Scientific reports | VOL. 10

Pore-scale mechanisms of CO2 storage in oilfields.

Publication Date Feb 14, 2020


Rapid implementation of global scale carbon capture and storage is required to limit temperature rises to 1.5 °C this century. Depleted oilfields provide an immediate option for storage, since injection infrastructure is in place and there is an economic benefit from enhanced oil recovery. To design secure storage, we need to understand how the fluids are configured in the microscopic pore spaces of the reservoir rock. We use high-resolution X-ray imaging to study the flow of oil, water and CO2 in an oil-wet rock at subsurface conditions of high temperature and pressure. We show that contrary to conventional understanding, CO2 does not reside in the largest pores, which would facilitate its escape, but instead occupies smaller pores or is present in layers in the corners of the pore space. The CO2 flow is restricted by a factor of ten, compared to if it occupied the larger pores. This shows that CO2 injection in oilfields provides secure storage with limited recycling of gas; the injection of large amounts of water to capillary trap the CO2 is unnecessary.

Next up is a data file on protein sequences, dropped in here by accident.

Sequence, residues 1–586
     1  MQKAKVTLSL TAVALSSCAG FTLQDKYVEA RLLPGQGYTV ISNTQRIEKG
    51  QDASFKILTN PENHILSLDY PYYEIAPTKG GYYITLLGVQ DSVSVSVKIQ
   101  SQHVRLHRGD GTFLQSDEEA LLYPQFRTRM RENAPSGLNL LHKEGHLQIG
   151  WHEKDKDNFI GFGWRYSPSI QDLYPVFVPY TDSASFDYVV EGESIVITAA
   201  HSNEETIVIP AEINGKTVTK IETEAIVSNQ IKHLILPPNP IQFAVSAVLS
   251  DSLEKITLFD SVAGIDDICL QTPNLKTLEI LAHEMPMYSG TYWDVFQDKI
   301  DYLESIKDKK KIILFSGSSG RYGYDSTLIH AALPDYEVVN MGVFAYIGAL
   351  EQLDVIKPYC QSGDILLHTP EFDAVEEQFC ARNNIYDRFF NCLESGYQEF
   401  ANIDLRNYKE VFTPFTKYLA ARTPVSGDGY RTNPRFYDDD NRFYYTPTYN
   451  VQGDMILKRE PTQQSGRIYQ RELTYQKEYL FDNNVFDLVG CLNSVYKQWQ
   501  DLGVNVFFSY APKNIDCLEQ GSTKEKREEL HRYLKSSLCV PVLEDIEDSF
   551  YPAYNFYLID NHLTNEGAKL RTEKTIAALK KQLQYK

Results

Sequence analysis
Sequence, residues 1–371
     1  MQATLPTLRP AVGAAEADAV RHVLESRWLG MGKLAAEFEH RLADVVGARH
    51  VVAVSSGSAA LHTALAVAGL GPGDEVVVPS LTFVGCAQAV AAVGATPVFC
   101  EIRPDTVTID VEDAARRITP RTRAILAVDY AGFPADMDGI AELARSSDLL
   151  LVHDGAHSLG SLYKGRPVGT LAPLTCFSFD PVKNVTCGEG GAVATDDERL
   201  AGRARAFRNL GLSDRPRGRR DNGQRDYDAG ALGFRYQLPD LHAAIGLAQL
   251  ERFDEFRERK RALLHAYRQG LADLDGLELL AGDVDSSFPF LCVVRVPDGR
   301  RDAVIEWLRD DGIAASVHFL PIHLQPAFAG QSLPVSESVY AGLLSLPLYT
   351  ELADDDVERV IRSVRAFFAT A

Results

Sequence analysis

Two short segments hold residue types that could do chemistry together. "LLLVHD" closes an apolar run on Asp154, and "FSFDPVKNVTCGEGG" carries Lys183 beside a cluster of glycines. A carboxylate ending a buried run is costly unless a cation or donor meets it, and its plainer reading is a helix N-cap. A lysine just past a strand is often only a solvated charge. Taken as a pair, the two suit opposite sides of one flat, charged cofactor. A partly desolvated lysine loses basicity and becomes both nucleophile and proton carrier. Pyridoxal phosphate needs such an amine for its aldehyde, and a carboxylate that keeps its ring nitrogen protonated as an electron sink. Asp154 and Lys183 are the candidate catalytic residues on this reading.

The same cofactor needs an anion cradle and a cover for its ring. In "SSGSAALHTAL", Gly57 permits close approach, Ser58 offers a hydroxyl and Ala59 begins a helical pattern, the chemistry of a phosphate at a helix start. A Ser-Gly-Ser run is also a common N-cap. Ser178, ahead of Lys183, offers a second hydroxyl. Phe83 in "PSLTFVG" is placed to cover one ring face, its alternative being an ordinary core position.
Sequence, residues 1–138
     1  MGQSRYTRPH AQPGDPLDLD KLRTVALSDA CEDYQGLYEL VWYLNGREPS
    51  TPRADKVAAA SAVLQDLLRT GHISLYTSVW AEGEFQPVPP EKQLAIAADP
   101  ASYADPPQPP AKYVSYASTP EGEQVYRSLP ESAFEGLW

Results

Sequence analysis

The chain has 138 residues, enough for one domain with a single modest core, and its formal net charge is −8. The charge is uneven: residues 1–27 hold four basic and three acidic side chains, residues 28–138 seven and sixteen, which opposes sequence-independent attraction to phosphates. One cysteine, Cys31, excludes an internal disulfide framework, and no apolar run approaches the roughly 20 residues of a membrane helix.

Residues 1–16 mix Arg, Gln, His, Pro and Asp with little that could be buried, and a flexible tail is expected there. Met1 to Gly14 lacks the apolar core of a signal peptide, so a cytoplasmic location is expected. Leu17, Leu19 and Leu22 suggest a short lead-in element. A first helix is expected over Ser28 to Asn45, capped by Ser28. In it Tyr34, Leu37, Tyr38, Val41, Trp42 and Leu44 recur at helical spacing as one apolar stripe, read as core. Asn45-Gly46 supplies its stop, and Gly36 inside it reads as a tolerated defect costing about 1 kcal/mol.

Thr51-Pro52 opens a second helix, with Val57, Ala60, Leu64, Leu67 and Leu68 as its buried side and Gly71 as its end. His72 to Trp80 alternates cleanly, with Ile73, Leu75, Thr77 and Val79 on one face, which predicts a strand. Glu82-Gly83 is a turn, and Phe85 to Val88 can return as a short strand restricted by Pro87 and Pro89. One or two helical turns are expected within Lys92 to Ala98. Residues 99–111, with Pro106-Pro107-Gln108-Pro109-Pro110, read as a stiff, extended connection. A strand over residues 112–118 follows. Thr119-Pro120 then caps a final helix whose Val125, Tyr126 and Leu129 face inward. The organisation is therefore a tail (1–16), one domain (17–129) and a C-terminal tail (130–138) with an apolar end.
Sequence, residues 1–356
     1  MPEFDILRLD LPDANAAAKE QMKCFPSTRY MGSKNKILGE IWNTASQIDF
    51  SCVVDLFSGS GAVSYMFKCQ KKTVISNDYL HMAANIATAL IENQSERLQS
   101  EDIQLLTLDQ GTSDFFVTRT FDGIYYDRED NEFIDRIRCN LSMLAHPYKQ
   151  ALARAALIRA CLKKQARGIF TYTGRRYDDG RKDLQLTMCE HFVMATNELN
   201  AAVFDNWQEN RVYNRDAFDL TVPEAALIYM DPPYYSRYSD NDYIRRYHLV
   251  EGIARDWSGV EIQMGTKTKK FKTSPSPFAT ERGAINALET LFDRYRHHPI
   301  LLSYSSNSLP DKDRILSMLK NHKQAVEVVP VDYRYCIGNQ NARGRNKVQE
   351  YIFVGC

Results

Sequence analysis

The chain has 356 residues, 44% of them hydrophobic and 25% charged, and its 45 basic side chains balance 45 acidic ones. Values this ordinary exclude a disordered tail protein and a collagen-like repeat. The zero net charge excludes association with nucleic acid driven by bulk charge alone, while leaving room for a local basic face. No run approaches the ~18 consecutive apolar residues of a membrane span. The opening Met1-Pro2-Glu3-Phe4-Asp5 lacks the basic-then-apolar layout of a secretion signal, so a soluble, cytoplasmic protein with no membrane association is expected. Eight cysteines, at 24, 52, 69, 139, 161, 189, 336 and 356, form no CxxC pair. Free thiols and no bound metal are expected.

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High-resolution X-ray Imaging
Capillary Trap
Limited Recycling
Oil-wet Rock
Larger Pores
Pore-scale Mechanisms

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